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The rioting that engulfed a number of English cities last week should remind us how important is it to take out insurance to cover our possessions.
Michael Fraser, ex-burglar and security expert in partnership with insurance brokers Confused.com says that as well as cover for damage cars, owners should also take action to avoid the theft of their vehicles.
He found that the cars most favoured by thieves tend to reflect an upmarket taste. Their vehicles of choice include the BMW 3.5, Jaguar XJ, Mercedes C Class and the Range Rover Sport because of their power, speed and durable build.
There are a number of things you can do to lower the chances of your motor being stolen, the following of which have been outlined by Mr Fraser:
1) Awkwardly park your car
A car thief will avoid your car if it takes a lot of effort to move it, so turn your wheels into the kerb when parking on the street, or towards another car when in a car park. Also, try not to reverse into a driveway, instead go in bonnet first and turn the wheels. If you do have a driveway always use it as it means the thief would have to come closer to you to get the car, and they do not want to do that.
2) Take everything out of sight
Untidy cars attract thieves, which includes leaving things on show such as phone leads, handbags, sat nav holders and paperwork. It indicates to a robber that you may have been in a rush and not only left something of value within the car itself, but forgotten to lock the door or closed the window properly. Put all gadgets in the glove box. under the seat or ideally locked away in the boot.
3) Adorn your car with decorative repellents
If a car has flowers painted on it or fluffy toys inside it will be more likely to be shunned by a thief. This is because it draws the wrong sort of attention and lacks ‘street cred’; also they tend to be cheaper cars. Private plates are also a deterrent due to standing out and being easily spotted.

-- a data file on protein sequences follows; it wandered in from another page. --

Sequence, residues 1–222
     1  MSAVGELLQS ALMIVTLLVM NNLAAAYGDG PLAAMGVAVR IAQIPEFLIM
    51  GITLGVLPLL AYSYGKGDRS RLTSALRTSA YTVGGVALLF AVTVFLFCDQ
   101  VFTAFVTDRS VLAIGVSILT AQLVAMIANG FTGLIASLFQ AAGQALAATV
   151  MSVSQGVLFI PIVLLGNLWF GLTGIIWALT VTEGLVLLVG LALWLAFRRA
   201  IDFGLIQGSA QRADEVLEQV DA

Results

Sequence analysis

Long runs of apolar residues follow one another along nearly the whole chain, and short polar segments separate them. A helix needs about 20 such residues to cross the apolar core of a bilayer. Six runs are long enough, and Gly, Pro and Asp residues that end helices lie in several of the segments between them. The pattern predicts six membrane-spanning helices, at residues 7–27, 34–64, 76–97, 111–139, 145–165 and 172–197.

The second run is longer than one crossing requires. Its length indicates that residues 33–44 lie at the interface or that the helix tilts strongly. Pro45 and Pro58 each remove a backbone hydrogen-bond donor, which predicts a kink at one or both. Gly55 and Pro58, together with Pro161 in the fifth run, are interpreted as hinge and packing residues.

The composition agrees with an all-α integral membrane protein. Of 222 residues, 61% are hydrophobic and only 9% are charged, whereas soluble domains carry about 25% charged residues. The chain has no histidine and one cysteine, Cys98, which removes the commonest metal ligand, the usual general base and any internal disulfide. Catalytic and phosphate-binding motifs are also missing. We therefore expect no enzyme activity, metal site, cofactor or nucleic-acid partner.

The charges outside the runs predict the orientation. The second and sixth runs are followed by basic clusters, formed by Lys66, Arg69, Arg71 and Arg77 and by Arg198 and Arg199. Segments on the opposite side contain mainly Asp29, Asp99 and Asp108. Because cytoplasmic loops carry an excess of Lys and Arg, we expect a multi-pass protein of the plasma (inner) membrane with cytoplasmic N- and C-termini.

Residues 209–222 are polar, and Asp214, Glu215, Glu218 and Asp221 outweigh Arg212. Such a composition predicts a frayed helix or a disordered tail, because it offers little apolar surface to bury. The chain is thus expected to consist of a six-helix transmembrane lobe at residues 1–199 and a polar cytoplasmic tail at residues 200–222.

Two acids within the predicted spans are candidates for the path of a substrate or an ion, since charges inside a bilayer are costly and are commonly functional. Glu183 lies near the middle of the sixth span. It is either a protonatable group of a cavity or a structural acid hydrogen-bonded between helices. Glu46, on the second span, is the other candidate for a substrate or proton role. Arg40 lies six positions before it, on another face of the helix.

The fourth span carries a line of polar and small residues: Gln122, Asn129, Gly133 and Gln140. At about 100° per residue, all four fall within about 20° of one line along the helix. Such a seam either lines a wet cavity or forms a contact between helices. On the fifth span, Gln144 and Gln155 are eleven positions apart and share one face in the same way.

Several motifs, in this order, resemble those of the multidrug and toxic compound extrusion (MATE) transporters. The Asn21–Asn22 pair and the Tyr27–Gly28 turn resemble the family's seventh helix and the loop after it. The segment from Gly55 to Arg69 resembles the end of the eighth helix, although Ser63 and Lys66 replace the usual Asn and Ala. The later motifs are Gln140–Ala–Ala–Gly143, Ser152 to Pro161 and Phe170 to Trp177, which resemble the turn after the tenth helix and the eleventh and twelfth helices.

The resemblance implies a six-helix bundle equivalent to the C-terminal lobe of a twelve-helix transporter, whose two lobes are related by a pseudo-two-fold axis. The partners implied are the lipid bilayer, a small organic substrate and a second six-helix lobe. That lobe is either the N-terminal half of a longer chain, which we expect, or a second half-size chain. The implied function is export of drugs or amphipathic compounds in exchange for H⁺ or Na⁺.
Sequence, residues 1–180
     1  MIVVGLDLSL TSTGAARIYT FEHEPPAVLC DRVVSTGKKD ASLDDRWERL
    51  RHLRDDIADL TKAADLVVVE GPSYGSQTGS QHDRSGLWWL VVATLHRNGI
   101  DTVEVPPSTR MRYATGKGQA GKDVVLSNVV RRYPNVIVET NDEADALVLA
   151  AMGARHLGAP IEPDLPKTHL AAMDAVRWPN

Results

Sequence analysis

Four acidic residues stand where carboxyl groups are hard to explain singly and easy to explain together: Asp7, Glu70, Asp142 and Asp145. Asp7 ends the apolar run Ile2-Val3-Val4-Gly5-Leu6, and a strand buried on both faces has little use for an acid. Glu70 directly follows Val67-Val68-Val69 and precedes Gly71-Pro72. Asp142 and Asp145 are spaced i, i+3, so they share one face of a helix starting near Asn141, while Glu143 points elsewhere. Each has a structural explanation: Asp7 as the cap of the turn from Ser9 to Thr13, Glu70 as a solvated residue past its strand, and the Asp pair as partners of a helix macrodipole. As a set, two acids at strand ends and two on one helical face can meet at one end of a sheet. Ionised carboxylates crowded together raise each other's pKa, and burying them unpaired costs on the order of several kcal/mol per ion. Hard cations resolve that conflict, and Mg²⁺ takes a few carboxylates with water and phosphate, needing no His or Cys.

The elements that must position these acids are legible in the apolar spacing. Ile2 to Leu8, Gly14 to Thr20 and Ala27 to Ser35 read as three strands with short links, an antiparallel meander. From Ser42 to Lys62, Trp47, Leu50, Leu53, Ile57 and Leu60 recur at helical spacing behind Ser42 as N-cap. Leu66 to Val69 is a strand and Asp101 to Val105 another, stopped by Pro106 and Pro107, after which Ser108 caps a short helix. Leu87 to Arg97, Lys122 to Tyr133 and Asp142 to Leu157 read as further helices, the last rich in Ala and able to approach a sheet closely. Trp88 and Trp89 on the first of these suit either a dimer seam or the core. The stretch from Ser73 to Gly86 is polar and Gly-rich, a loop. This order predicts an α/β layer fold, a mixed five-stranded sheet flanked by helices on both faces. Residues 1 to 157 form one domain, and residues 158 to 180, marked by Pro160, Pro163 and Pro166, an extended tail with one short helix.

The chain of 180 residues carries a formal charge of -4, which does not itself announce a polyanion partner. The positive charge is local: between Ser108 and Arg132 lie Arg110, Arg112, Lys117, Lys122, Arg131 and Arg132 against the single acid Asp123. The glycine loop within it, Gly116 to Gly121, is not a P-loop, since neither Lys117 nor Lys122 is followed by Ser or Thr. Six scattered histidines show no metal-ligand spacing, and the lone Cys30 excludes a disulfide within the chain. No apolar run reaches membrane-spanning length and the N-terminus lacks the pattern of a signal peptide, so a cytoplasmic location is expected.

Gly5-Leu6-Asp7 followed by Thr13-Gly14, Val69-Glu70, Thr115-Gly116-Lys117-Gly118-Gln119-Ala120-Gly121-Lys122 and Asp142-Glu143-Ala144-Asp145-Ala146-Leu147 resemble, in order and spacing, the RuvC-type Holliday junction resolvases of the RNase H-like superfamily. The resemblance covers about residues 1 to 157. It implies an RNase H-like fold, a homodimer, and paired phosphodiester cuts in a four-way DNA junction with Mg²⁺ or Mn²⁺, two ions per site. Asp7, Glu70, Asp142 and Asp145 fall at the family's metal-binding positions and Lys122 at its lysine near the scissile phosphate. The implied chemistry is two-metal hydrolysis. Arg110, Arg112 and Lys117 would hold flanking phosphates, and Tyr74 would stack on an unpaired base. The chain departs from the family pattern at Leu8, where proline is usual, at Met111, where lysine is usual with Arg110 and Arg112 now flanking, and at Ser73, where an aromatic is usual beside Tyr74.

4) Alarms and visible security signs do work, so use them
A car robber doesn’t want to spend an immeasurable amount of time trying to remove an anti-theft security device such an alarm or steering wheel lock, so it’s worth investing in them if you don’t already use them. Even simple stickers will put off a criminal, happily moving onto another vehicle with no visible protection at all. Factory fitted alarms are the best, as cheaper ones on the market are easier to bypass if the thief really tries to.
5) Hide your keys, even indoors
In the old days a thief would just hotwire a car - but modern technology has put paid to that practise and new cars now need the memory chip which is in the key to start. Often, thieves will go ‘letterbox fishing’ or try the back door of the property because so many people leave theirs open. It may seem simplistic, but many people leave their keys in their hallway, on the stairs, in handbags left on the ground floor or in the kitchen, freely available for somebody to grab if they can get access.
The car least likely to be stolen is the Ford Ka, due to its perceived cheapness and lack of power. “The best way to keep your vehicle safe is to put a tracker on it, wheel locking nuts, a sticker saying the vehicle is alarmed, keep the inside tidy, keep the car locked, the windows shut and everything out of sight,” Mr Fraser said.
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